Default: There is always the risk the borrower will become bankrupt, abscond or otherwise default on the loan. The risk premium attempts to measure the integrity of the borrower, the risk of his enterprise succeeding and the security of any collateral pledged. For example, loans to developing countries have higher risk premiums than those to the US government due to the difference in creditworthiness. An operating line of credit to a business will have a higher rate than a mortgage.

Creditworthiness of businesses is measured by bond rating services and individual’s credit scores by credit bureaus. The risks of an individual debt may have a large standard deviation of possibilities. The lender may want to cover his maximum risk. But lenders with portfolios of debt can lower the risk premium to cover just the most probable outcome.

Deferred consumption: Charging interest equal only to inflation will leave the lender with the same purchasing power, but he would prefer his own consumption NOW rather than later. There will be an interest premium of the delay. See the discussion at time value of money. He may not want to consume, but instead would invest in another product. The possible return he could realize in competing investments will determine what interest he charges.

Length of time: Time has two effects.

  • Shorter terms have less risk of default and inflation because the near future is easier to predict. Broadly speaking, if interest rates increase, then investment decreases due to the higher cost of borrowing (all else being equal).

Interest rates are generally determined by the market, but government intervention - usually by a central bank- may strongly influence short-term interest rates, and is used as the main tool of monetary policy. The central bank offers to buy or sell money at the desired rate and, due to their control of certain tools (such as, in many countries, the ability to print money) they are able to influence overall market interest rates.

Investment can change rapidly to changes in interest rates, affecting national income, and, through Okun’s Law, changes in output affect unemployment.

Open market operations in the United States

The effective federal funds rate charted over fifty years

The effective federal funds rate charted over fifty years

The Federal Reserve (often referred to as ‘The Fed’) implements monetary policy largely by targeting the federal funds rate. This is the rate that banks charge each other for overnight loans of federal funds. Federal funds are the reserves held by banks at the Fed.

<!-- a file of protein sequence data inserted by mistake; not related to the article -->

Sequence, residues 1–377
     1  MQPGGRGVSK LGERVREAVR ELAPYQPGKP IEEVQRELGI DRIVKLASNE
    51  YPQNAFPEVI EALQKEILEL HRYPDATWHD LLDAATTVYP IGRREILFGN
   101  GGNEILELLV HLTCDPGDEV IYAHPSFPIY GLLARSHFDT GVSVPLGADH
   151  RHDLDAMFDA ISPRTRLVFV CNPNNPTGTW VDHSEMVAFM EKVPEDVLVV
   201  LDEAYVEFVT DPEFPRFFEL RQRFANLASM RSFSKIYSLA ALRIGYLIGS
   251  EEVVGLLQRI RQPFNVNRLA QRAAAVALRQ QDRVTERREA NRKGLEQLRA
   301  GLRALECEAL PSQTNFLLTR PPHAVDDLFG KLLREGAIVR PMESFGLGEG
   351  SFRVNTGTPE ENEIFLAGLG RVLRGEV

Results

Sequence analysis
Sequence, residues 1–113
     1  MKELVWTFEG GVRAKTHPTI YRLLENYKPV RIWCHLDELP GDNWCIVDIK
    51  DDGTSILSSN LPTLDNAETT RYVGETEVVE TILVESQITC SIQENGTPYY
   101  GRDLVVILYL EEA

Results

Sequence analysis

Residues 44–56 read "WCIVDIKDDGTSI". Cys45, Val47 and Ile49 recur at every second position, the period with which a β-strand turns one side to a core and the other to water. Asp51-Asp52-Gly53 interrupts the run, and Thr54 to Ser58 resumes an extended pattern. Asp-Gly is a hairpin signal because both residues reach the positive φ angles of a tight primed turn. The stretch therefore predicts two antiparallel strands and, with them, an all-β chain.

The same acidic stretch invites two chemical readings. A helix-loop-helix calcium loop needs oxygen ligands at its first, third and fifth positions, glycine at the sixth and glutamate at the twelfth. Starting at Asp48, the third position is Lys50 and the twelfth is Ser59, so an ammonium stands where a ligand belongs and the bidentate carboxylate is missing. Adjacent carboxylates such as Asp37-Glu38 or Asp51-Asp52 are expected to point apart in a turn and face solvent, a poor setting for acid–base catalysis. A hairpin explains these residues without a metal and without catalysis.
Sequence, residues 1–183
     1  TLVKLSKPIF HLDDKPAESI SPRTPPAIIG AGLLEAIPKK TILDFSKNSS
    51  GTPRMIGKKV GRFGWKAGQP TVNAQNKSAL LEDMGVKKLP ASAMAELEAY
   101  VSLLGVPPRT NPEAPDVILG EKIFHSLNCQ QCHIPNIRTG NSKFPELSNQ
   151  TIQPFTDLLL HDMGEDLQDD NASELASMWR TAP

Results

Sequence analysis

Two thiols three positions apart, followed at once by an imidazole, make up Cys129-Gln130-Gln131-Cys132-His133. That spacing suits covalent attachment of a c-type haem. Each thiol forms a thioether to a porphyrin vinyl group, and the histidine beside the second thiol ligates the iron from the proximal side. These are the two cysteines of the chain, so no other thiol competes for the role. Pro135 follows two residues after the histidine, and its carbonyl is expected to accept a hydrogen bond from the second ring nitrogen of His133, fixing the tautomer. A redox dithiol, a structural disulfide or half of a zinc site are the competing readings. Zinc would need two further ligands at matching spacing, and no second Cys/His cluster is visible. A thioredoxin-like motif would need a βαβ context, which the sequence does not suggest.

Open market operations are one tool within monetary policy implemented by the Federal Reserve to steer short-term interest rates. Using the power to buy and sell treasury securities, the Open Market Desk at the Federal Reserve Bank of New York can supply the market with dollars by purchasing T-notes, hence increasing the nation’s money supply. By increasing the money supply or Aggregate Supply of Funding (ASF), interest rates will fall due to the excess of dollars banks will end up with in their reserves. Excess reserves may be lent in the Fed funds market to other banks, thus driving down rates.

Interest rates and credit risk

It is increasingly recognized that the business cycle, interest rates and credit risk are tightly interrelated. The Jarrow-Turnbull model was the first model of credit risk which explicitly had random interest rates at its core. Lando (2004), Darrell Duffie and Singleton (2003), and van Deventer and Imai (2003) discuss interest rates when the issuer of the interest-bearing instrument can default.

Money and inflation

Loans, bonds, and shares have some of the characteristics of money and are included in the broad money supply.

By setting i*n, the government institution can affect the markets to alter the total of loans, bonds and shares issued. Generally speaking, a higher real interest rate reduces the broad money supply.

Through the quantity theory of money, increases in the money supply lead to inflation. This means that interest rates can affect inflation in the future.

Interest in mathematics

Jacob Bernoulli discovered the mathematical constant e by studying a question about compound interest.

He realized that if an account that starts with $1.00 and pays 100% interest per year, at the end of the year, the value is $2.00; but if the interest is computed and added twice in the year, the $1 is multiplied by 1.5 twice, yielding $1.00×1.5² = $2.25. Compounding quarterly yields $1.00×1.254 = $2.4414…, and so on